Two years earlier, Lindbergh had photographed a similar group shot for American Vogue, but it was not immediately embraced. He lined up Turlington, Evangelista, and Patitz with Estelle Léfebure, Karen Alexander, and Rachel Williams, in loose white button downs on a Santa Monica beach. The editor at the time, Grace Mirabella, threw the pictures in the trash. She was let go from the publication soon after, and Anna Wintour took the reigns. Wintour’s vision was more suited to Lindbergh’s and she asked him to shoot the first cover under her tenure. The photographer lamented to The Guardian that he couldn’t stand the type of women that Vogue seemed to cater to before. “I’ve never been impressed by somebody who came in with a crocodile bag, you know?” he mused.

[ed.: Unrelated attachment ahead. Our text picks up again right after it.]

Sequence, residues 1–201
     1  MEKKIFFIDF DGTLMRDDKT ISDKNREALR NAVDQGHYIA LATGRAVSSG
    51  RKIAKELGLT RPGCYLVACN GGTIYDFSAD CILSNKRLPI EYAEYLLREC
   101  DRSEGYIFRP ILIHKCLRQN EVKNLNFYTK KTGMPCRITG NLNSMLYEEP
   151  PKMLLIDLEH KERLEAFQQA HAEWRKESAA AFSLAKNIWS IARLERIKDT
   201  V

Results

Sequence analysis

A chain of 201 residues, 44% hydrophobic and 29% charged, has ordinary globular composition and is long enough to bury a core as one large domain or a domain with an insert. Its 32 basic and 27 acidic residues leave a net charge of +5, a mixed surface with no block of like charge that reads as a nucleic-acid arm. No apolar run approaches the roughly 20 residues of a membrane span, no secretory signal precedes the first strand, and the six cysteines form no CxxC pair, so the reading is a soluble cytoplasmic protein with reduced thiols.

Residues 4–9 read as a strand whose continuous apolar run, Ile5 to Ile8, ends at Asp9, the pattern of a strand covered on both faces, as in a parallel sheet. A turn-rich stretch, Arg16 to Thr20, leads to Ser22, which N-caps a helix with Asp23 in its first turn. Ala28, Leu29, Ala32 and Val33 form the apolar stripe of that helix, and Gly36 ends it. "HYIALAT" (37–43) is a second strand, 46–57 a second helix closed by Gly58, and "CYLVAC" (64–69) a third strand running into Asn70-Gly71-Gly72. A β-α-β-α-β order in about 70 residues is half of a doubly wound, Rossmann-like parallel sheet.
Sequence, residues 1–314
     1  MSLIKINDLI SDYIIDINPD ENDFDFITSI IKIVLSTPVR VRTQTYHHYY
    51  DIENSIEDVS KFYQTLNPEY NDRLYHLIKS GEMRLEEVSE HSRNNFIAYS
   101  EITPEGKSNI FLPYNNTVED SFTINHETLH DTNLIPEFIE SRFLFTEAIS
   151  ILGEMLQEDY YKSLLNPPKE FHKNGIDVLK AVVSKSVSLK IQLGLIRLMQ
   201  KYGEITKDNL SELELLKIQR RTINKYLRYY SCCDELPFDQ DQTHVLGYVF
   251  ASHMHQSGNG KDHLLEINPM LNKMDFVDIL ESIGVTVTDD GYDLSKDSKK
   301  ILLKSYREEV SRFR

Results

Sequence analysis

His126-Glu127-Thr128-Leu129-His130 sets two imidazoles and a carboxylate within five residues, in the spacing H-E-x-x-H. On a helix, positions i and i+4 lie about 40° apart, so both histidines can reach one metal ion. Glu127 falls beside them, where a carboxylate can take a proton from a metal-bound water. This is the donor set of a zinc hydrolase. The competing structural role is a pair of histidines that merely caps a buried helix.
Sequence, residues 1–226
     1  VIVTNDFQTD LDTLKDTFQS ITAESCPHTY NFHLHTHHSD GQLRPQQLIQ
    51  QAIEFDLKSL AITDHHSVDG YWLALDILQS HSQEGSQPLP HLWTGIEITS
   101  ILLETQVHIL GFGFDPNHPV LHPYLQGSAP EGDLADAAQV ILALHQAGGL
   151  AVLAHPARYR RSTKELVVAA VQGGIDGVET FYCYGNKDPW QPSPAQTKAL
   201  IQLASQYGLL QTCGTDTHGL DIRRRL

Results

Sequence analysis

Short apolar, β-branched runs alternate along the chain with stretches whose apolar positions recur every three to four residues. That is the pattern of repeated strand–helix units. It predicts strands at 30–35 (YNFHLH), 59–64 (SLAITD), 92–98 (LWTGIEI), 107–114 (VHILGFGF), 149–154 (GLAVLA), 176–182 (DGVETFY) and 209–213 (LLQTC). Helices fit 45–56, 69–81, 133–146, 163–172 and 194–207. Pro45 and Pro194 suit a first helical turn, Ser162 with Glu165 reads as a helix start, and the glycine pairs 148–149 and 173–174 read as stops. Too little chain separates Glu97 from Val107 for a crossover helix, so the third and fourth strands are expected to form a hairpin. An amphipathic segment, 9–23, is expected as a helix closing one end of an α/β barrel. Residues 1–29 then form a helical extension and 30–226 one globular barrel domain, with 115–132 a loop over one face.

Lindbergh may not have photographed the everyday woman, but he did bring the loftiest of supermodels down to earth. His refusal to retouch his portraits is being resoundly echoed in the industry today. “The cosmetic companies have everyone brainwashed,” he told The Guardian. “I don’t retouch anything. ‘Oh, but she looks tired!’ they say. So what if she looks tired? Tired and beautiful.”